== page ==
The world was wild for gold. After discovering the Americas, and under pressure to defend their vast dominion, the Habsburgs of Spain promoted gold and silver exploration in the New World with ruthless urgency. But, the great influx of wealth brought home by plundering conquistadors couldn’t compensate for the Spanish government’s extraordinary military spending, which would eventually bankrupt the country multiple times over and lead to the demise of the great empire.

Gold became synonymous with financial dependability, and following the devastating chaos of World War I, the gold standard came to express the order of the free market system. Warfare in pursuit of wealth required borrowing — a quickly compulsive dependency for many governments. And when people lost confidence in the promissory notes and paper currencies issued during wartime, governments again turned to gold.

In this captivating historical study, Kwarteng exposes a pattern of war-waging and financial debt — bedmates like April and taxes that go back hundreds of years, from the French Revolution to the emergence of modern-day China. His evidence is as rich and colorful as it is sweeping. And it starts and ends with gold.

What's Inside

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"The title's implications aside, this is really a history of money—thoroughly satisfying and remarkably accessible...While John Kenneth Galbraith's 1975 Money: Whence it Came, Where It Went remains the subject's touchstone, Kwarteng superbly brings that volume up to date in explaining the almost unexplainable." —Publishers Weekly, starred review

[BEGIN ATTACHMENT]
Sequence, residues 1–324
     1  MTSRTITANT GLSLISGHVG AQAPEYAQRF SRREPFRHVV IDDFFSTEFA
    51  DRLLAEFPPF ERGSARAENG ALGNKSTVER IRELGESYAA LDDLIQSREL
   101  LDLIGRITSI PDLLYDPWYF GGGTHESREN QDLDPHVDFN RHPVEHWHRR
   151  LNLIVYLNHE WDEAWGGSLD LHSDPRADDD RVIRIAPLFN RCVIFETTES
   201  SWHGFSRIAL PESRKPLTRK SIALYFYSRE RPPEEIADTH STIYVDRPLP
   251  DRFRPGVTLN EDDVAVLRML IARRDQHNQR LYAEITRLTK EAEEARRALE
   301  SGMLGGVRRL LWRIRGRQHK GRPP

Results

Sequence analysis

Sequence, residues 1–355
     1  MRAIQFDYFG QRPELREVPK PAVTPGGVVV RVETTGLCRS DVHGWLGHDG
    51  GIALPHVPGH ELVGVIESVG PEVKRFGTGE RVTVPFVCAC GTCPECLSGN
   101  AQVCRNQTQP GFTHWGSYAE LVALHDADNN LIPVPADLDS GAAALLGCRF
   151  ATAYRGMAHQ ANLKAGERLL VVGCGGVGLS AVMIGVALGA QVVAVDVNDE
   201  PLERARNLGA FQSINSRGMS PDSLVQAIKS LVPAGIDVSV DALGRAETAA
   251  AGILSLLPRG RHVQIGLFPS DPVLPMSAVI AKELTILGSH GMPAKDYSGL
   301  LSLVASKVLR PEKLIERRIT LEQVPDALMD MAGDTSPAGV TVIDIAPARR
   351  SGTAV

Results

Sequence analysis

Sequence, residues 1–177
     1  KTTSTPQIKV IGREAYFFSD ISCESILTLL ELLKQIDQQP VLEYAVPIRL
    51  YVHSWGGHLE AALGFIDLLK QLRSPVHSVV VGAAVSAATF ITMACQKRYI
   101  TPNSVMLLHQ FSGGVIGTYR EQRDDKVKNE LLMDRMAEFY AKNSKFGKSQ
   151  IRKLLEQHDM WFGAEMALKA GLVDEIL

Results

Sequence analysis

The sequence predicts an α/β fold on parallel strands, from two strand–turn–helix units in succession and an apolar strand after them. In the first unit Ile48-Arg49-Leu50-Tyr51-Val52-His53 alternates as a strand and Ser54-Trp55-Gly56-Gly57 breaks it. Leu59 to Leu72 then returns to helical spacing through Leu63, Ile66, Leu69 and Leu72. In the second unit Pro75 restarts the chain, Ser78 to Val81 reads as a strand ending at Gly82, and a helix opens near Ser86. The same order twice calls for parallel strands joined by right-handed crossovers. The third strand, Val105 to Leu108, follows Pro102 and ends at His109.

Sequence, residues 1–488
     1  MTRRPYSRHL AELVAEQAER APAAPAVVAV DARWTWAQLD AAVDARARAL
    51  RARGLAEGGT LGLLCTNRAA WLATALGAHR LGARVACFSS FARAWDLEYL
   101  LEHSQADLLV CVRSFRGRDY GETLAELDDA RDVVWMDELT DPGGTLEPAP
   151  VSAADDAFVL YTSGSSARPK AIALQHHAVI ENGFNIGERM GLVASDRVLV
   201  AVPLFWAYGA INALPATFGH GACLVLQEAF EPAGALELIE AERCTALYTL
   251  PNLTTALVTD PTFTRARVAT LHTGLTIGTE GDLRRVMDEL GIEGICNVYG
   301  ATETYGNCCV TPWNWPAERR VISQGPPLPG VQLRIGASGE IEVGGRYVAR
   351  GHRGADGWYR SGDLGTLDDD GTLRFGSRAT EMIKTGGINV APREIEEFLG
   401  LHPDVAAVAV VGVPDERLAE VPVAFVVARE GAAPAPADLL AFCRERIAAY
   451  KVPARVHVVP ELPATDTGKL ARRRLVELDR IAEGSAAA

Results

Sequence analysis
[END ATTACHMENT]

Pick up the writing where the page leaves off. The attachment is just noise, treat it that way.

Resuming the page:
“Absorbing… a fascinating, lucid and serious history of money, from the discovery of the wealth of the Americas to the present financial crisis.”—The Times (UK)

“Enormously entertaining… so engagingly written that readers of all political persuasions should enjoy it.”—Sunday Times (UK)

“This clever history of money weighs its enduring ability to destabilise society… For people brought up in the internet age, the concept of an economy propped up by a rock, a hill, a mountain of gold might seem quirky. If so, Kwarteng's detailed tracking of the shift from gold to paper will come as a revelation…. Kwarteng might not know how to stabilise a financial system that floats on credit, but he certainly understands the forces and the mistakes that have led to that destabilisation.”—The Observer (UK)
"'War and Gold' is a chronicle of fiscal ruination and redemption, with the emphasis on the former… Mr. Kwarteng, a heroic reader, has compiled a wonderful bibliography and gathered a colorful grouping of monetary characters to people his chapters.” —James Grant, Wall Street Journal

“This near-perfect volume appears with almost preternaturally perfect timing around the centenary of the beginning of World War I … War and Gold is a compelling successor to Liaquat Ahamed's delightful and invaluable The Lords of Finance, awarded the 2010 Pulitzer Prize in history. Kwarteng delivers up a successor volume worthy of such a prize. It extends Ahamed's temporal framework by a factor of ten, to 500 years. Kwarteng, too, has compelling narrative virtuosity. His book is full of dramatic, charming, often wry vignettes of fascinating characters — heroes and villains, adventurers and knaves — spinning around, and off, the axis of the gold standard, in war and in peace.” Ralph Benko,

“A well-written history of money...It's refreshing to read such a concise and cutting book” —Jim Landers, Dallas Morning News

"‘War and Gold' offers fresh, big-picture perspective on issues as tangible as our wallets' contents.” —Alan Wallace, Pittsburgh Tribune-Review
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